There has to be absolute truth. If there were no absolute truth there would be no laws of mathematics, physics, chemistry and biology and nothing would exist. It is foolish to think that absolute truth stops at the boundary of what can be empirically measured. That would be the height of audacity, to assume that human conception is the measure of all things. Even though we know a lot more science now than people in the dark ages, and don’t assume that the heaven is a dome above a flat earth, we are still constrained by what we can see, hear and touch with our vast technology. To say that God does not exist because we cannot detect him, is as irrational and primitive an argument as a medieval thinker deciding the earth is the centre of the universe because that was the extent of his science.

If God does exist, then he is an objective truth and that opens up a whole universe of objective truths, which exist irrespective of whether a given individual can see, hear or touch them. Just as the truths of science do not change simply because I choose not to believe them, so the existence of God, if true, does not change because I choose not to believe in him. We cannot define truth exclusively from our own subjective experience. At least, not all “truth.” Once person believes from repeatable experience that coriander is delicious. Another hates it. Both are true. But the absolute truth is not that coriander is objectively “good” or “bad,” but that coriander is objectively a herb that can produce profoundly different sensations in different people, which are interpreted in a context of personal preferences. And at the end of the day, who cares, because coriander doesn’t matter in the grand scheme of things.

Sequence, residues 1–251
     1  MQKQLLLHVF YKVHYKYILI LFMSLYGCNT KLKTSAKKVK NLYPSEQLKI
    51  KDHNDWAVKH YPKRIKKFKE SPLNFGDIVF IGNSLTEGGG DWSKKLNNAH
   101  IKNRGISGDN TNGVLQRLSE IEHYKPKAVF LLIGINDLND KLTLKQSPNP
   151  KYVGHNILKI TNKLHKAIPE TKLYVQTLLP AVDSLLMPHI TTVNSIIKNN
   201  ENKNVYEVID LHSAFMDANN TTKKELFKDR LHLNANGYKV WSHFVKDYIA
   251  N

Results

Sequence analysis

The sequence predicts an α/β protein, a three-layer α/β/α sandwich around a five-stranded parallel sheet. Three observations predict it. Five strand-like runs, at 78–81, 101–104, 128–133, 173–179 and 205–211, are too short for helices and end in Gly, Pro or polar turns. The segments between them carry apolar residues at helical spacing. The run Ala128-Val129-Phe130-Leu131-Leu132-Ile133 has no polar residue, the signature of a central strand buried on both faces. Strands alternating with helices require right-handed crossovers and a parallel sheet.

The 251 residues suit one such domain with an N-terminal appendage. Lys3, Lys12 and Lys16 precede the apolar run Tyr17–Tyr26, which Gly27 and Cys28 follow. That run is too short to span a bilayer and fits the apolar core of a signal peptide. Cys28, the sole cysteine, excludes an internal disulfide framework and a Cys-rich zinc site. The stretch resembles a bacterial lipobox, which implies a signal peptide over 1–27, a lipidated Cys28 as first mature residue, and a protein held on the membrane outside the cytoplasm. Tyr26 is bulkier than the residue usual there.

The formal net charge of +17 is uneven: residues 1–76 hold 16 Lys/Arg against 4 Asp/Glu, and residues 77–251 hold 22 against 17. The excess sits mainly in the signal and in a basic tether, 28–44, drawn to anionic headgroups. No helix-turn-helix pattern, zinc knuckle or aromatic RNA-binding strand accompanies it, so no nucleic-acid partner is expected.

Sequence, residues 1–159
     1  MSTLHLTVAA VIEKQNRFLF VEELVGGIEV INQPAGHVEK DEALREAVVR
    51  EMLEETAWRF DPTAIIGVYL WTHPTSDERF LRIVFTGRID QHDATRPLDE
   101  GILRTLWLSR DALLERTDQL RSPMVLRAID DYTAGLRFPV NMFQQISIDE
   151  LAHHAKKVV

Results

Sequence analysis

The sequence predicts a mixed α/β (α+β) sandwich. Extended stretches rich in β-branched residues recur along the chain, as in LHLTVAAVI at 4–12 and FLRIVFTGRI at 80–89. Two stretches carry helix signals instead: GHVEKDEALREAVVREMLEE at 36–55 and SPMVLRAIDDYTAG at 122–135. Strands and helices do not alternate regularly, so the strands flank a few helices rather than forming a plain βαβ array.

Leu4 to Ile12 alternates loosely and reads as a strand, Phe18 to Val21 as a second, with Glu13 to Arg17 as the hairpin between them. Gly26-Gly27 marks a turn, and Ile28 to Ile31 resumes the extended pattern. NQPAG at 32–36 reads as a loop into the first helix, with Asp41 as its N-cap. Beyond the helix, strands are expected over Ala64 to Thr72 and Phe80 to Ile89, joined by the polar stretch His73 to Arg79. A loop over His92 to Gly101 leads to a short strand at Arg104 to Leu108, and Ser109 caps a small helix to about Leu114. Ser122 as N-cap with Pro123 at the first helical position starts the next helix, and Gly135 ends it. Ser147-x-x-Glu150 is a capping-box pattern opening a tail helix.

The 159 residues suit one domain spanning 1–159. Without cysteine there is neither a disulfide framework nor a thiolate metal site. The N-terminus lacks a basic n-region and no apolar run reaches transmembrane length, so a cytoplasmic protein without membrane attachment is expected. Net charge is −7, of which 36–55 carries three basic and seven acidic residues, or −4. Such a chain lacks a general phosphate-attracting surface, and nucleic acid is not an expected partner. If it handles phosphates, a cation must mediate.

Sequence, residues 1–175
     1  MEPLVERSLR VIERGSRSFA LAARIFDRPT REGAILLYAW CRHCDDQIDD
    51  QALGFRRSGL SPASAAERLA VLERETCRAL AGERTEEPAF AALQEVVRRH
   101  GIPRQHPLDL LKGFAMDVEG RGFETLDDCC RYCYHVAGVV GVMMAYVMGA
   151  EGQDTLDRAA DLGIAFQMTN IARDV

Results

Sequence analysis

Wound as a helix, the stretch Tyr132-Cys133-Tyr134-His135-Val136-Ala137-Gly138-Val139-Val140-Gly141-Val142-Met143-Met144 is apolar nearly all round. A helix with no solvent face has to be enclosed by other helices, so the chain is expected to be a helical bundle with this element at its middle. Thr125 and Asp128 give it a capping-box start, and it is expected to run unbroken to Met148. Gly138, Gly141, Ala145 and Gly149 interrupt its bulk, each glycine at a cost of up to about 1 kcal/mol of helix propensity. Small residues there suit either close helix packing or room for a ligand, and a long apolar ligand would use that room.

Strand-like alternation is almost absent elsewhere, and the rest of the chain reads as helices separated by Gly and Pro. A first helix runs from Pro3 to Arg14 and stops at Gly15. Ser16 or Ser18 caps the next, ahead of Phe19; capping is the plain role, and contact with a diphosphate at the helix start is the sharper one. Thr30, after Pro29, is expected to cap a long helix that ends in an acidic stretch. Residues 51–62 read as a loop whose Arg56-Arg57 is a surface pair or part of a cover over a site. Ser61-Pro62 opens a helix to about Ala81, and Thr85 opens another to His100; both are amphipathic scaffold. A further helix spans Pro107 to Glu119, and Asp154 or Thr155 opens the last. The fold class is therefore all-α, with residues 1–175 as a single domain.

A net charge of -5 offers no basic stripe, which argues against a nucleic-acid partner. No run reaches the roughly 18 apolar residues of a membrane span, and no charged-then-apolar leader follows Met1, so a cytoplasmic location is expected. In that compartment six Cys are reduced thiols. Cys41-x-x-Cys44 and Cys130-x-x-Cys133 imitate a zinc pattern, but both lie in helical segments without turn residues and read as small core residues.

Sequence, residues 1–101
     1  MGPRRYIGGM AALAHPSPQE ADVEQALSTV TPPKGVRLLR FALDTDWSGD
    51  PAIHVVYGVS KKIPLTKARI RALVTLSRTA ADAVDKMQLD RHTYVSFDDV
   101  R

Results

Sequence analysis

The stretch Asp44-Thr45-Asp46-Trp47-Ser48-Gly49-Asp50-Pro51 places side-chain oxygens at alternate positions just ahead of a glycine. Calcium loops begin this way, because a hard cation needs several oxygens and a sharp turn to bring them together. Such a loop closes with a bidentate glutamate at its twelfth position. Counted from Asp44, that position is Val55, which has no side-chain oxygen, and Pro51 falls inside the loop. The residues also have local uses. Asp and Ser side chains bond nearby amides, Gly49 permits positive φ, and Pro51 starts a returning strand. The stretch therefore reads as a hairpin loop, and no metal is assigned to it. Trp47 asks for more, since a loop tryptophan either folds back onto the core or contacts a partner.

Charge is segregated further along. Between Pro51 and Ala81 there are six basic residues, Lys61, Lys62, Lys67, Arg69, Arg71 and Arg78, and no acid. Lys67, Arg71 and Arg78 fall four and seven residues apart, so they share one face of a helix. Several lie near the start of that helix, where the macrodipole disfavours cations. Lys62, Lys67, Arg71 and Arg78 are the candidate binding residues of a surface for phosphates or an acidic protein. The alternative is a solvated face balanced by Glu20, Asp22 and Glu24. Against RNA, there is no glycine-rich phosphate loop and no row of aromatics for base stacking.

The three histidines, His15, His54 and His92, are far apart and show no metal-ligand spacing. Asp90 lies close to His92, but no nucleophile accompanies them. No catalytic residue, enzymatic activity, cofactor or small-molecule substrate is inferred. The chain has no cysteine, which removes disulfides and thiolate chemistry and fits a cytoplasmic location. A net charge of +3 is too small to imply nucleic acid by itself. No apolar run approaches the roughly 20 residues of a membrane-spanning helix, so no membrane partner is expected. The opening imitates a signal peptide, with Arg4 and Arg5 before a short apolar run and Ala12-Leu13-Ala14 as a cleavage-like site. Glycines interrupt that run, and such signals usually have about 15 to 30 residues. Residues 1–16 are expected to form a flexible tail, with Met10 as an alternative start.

But the existence of God does matter. If God exists, and we reject his existence on the basis of our empirical and subjective observations and our preferences, and we are wrong, what then? If God doesn’t exist, and we believe and act as though he does, it will be life changing, hopefully for the better, unless our human sin and greed distorts our application of religion. But if God exists as absolute truth, and we reject him as relative truth, then the consequences are eternal.

Featured Posts
Recent Posts
Search By Tags
Follow Us
  • Facebook Basic Square
  • Twitter Basic Square
  • Google+ Basic Square
bottom of page